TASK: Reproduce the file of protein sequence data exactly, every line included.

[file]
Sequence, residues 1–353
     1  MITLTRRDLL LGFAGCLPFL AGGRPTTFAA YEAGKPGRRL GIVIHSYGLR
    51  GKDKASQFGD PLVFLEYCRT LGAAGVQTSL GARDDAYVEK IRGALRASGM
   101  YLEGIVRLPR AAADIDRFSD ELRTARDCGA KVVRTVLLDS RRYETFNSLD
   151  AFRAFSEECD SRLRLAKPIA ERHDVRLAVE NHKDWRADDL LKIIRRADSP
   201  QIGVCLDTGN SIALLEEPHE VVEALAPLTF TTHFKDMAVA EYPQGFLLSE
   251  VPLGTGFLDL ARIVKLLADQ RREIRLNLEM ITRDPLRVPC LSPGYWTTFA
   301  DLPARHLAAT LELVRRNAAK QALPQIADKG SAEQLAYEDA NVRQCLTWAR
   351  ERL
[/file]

Sequence, residues 1–353
     1  MITLTRRDLL LGFAGCLPFL AGGRPTTFAA YEAGKPGRRL GIVIHSYGLR
    51  GKDKASQFGD PLVFLEYCRT LGAAGVQTSL GARDDAYVEK IRGALRASGM
   101  YLEGIVRLPR AAADIDRFSD ELRTARDCGA KVVRTVLLDS RRYETFNSLD
   151  AFRAFSEECD SRLRLAKPIA ERHDVRLAVE NHKDWRADDL LKIIRRADSP
   201  QIGVCLDTGN SIALLEEPHE VVEALAPLTF TTHFKDMAVA EYPQGFLLSE
   251  VPLGTGFLDL ARIVKLLADQ RREIRLNLEM ITRDPLRVPC LSPGYWTTFA
   301  DLPARHLAAT LELVRRNAAK QALPQIADKG SAEQLAYEDA NVRQCLTWAR
   351  ERL